Paws on Pop: More Vying for Dad’s Affection, for Possessing Dad, or Just Family Closeness?

What I see going on here is continued vying for preferential affection and attention from Dad. And Dad sure seems to be indulging these youngsters. He’s letting them climb all over him. I’ve divided up the photos into four groups to make this posting as clear as possible.

This behavior follows directly after the behavior I posted on February 4th: Vying for Dad’s Affection. The female youngster here, above, seems to have become insistent in her possessiveness of Dad: she puts her “paws on pop”. It reminds me of “Hop on Pop”. Notice her affectionate pull on Dad’s ear in the 3rd slide above. Almost all instances of “paws on another coyote” that I have seen have been a demonstration of dominance by a parent or dominant mate, or by one sibling towards another. But here it’s a youngster with paws on a father! Dad is indulging her — it’s probably simply “play dominance”, if even that!

The female falls off of Dad for a moment, but then gets up there again, as the male sibling looks on with interest. The male sibling, off to the side, doesn’t look too comfortable about what’s going on, as indicated by the position of his ears which are low and airplaned out to the sides.

And the female youngster doesn’t just put her paws on Dad, she actually hangs in there for some time! After a few minutes, as seen in the last slide of the three slides above, Dad slithers away from under her. Maybe enough is enough?

Oh, but now it’s the male youngsters turn! He actually “mounts” Dad in the traditional sense: “Hey, I can do this, too, in my own way.” Is he doing this competitively with his sister? Note that Dad puts up with it. He seems totally unphased. After all, these are just kids and.

The female youngster persists, getting on Dad again and pushing off her sibling! Back and forth between the two youngsters. Are they vying for Dad’s attention and vying for “possessing” him, does dominance in any form play into this, or is this just simple family closeness?

Vying for Dad’s Affection Again: Who Gets Dad?

A female pup, again, runs so as to insert herself between Dad and her male sibling, and then turns towards Dad with an affectionate little mouth nip, and then grabs his snout in her mouth! Hmmm. Normally, as far as I’ve seen, this gesture is reserved for dominant members of the family, or between siblings. I’m wondering, possibly, if, being the only female in the family pack now, she has acquired special status? Or, is this simply family bantering with the understanding that, “Oh, I’m just playing”? The male sibling on the far side, walks on with his head lowered and with his ears low and airplaned out to the sides — he may be wary of what’s going on.

Although less than a year old, the female youngster is recognized in the family for her “difference” from the others, if not actually for her “female” status. She’s the only one I’ve seen in this family regularly lying on her back with her reproductive parts being sniffed with interest by the others.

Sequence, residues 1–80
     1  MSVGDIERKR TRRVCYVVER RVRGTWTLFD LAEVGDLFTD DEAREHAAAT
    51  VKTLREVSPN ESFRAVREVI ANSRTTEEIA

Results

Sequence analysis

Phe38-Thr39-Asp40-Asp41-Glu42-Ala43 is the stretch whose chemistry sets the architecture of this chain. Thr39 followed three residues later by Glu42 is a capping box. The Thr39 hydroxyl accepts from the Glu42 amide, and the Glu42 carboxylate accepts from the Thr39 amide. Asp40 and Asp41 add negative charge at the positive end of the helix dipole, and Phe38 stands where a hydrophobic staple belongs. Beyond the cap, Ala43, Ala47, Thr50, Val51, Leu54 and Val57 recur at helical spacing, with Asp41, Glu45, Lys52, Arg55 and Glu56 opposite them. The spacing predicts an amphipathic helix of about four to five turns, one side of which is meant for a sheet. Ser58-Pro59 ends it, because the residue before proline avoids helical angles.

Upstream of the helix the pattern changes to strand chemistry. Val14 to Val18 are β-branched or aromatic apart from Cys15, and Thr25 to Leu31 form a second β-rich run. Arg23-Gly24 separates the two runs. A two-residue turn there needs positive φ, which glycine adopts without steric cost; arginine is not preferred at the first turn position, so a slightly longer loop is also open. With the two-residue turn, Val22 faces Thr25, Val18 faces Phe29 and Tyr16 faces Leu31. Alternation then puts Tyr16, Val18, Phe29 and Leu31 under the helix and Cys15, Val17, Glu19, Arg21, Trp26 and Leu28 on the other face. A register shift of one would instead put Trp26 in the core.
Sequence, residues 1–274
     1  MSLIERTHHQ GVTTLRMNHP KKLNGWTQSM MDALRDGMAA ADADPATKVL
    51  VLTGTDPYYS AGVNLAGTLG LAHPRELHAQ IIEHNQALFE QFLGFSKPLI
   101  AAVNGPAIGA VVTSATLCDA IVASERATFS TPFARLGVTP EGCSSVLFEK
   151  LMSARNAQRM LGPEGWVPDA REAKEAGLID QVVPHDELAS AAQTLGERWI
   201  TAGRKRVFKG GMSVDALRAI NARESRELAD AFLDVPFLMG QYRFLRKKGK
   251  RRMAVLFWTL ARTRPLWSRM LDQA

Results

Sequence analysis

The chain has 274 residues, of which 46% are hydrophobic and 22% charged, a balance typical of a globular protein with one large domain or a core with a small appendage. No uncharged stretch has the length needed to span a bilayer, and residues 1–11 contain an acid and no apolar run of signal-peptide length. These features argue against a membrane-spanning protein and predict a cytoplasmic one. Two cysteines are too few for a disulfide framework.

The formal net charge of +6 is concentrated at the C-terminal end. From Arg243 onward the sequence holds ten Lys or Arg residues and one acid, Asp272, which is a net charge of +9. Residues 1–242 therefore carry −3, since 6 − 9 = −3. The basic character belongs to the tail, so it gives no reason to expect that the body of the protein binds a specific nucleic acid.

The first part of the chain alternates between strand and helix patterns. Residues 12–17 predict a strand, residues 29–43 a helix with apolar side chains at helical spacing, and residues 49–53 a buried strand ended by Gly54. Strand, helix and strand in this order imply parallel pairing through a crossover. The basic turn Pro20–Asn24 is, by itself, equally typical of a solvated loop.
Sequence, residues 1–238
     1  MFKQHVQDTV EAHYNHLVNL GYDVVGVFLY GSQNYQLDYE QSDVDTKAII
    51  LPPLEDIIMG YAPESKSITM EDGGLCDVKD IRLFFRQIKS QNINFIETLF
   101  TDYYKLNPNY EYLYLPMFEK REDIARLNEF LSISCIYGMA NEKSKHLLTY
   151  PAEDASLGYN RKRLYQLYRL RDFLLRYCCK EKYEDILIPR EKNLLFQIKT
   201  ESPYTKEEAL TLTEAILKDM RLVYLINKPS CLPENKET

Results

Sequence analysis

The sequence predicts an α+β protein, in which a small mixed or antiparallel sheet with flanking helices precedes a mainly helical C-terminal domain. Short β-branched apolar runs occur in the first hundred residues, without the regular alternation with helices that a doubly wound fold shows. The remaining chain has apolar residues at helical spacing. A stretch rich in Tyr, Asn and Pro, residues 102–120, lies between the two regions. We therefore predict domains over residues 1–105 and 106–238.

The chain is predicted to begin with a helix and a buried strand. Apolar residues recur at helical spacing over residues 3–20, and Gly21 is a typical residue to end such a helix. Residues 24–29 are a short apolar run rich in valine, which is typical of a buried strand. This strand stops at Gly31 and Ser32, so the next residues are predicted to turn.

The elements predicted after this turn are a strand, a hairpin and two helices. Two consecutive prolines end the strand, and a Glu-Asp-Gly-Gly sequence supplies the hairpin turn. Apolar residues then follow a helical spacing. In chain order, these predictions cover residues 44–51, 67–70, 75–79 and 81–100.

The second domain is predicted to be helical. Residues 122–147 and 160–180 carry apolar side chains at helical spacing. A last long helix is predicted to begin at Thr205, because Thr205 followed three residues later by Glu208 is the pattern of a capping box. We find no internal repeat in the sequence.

We’ve learned that female reproductive hormones kick-in when there is no other reproducing female around, and that only one female — the “alpha” — in any coyote family pack reproduces. The alpha-mother of this particular family has disappeared from the pack, leaving a void. When alpha-females are killed or removed by human “management”, or if they die or become unable to reproduce, the other females in the pack fill in the void by becoming reproductively viable. As far as I know, it does not happen under a year of age, so maybe none of this is relevant. But, then again, maybe it is? I’m speculatively throwing this out as food for thought at this point.

Bug Off!!

This is a father coyote who absolutely indulges his offspring. He grooms them, shows them affection, cuddles with them, brings them food, plays with them, keeps a watchful eye out for their safety. You name it, and he’s there for them. His attention and care appear limitless.

Well, almost limitless. Dad here has wandered from the group and appears to have found something to nibble on. Overwhelming curiosity, and maybe the hope that Dad might share, draw a youngster towards Dad. The youngster approaches slowly, carefully and ever so non-threateningly — as though, maybe, all he really wants is a “peek” at what Dad has there.

Ahh! Enough is enough. Dad knows this trick and tells the youngster to “bug off!”  Maybe the message wasn’t as clear as it could have been. The youngster actually tries one more time to stick its nose into Dad’s business, but this time, Dad charges the youngster with teeth bared and snaps. The message this time is clear: the youngster responds by laying down far enough away so as not to be a bother. Even though the youngster didn’t go far, he did remain lying down — it was obviously a position of acquiescence.